Compose a 750 words essay on Foreign Monetary System. Needs to be plagiarism free!Download file to see previous pages… There were also huge direct foreign investments in China during the 1990s (Zi e

Compose a 750 words essay on Foreign Monetary System. Needs to be plagiarism free!

Download file to see previous pages…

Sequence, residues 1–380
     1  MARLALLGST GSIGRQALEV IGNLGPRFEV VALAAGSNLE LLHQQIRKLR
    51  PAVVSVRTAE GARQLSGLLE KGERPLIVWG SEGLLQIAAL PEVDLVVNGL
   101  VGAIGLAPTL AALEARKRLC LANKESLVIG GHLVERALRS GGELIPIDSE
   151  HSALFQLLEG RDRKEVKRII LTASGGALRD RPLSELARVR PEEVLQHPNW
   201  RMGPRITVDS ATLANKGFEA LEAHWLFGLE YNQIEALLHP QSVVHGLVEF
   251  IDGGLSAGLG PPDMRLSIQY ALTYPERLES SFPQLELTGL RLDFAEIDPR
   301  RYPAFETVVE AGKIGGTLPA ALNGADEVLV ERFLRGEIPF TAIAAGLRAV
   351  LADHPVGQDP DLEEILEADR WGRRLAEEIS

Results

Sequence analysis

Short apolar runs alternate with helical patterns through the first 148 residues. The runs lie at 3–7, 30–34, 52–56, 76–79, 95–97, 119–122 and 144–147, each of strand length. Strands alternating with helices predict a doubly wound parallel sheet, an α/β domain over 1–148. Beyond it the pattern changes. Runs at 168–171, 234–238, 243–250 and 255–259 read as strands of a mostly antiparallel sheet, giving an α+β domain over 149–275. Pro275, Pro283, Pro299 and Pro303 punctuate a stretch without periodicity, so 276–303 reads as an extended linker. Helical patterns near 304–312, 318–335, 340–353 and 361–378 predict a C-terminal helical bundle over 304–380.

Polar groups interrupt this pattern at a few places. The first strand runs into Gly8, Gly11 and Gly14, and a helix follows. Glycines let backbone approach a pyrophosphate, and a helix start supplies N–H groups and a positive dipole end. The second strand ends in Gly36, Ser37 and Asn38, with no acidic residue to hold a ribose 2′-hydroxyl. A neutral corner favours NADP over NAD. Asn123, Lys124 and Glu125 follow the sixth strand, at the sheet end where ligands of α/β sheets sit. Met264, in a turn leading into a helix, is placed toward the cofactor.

There were also huge direct foreign investments in China during the 1990s (Zi et al, 2009). With the increased trade amongst the East Asian countries and huge direct foreign investments from countries like USA, it presented a great future ahead for China. However this was not the case, as it created “cyclic overheating”. After the revised Bretton Woods System, China’s exchange rate was pegged to the US dollar and creating an artificially low rate. These countries benefitted from this as China attracted foreign investment in their country with huge profit initiatives due to cheap labor and the finished products were exported to US. In retrospect, China used its export earnings and invested it in T-bonds in US, bringing down their interest rates, thus increasing investments in their own country. However, this made China totally dependent on the foreign investments and had no control over its money supply. This lead to the revaluation of the Chinese Renminbi (RMB) in 2005 which meant the currency was no longer pegged with US dollar but was market determined by a basket of currencies. This managed floating exchange rate system was the important change in the Monetary System of China. This move was important as the old Yuan-Dollar peg, resulted in over investments within the country and over evaluation of the Yuan. Hence, this move was made to cool down the cyclic overheating in the country (Wu, 2006). This cool down of the cyclic overheating in China had started before the revaluation of RMB. According to the study, this cool down was not achieving the full anticipated affects. With the anticipation of the revaluation in 2005, the money supply in the country grew from 2004 to 2005 by 14%, which resulted in an increase in the loans by 11%. The strong relationship between the loans and the real estate sector, led to an inflation of asset prices and land rents. As China relies on investments and exports to run its economy, it will take considerably more time to cool down the over investments and rectify the imbalances created by it. All the affects in the China’s Economy, whether they are large foreign exchange reserves, increased money supply, overheating of investments or asset price inflation are all focusing on its exchange rate. Thus the exchange rate system of China plays an integral part in its macroeconomic policies and management (Wu, 2006). In the recent years, China has had to face another challenge. Due to the efforts of the People’s Bank of China (PBC), the capital inflow started to decrease. However, due to the slowed global growth rate PBC has managed and adjusted the policies so that the growth rate of China does not fall at an alarming rate. The challenge here is that over the recent years, PBC and the policymakers have become adept at trying to slow down capital inflow, but are rather inexperienced when it comes to slowing down capital outflow. One way to create a more balanced inflow and outflow is to decrease the cash reserves required for the Commercial Banks to keep. This was done in the first place to reduce the surplus liquidity formed by capital inflows. In this case, for the PBC to reverse the reduced growth it has to inject liquidity into the economy. As mentioned above, a way out currently adopted by China is the cut in the Required Reserve Ratio.

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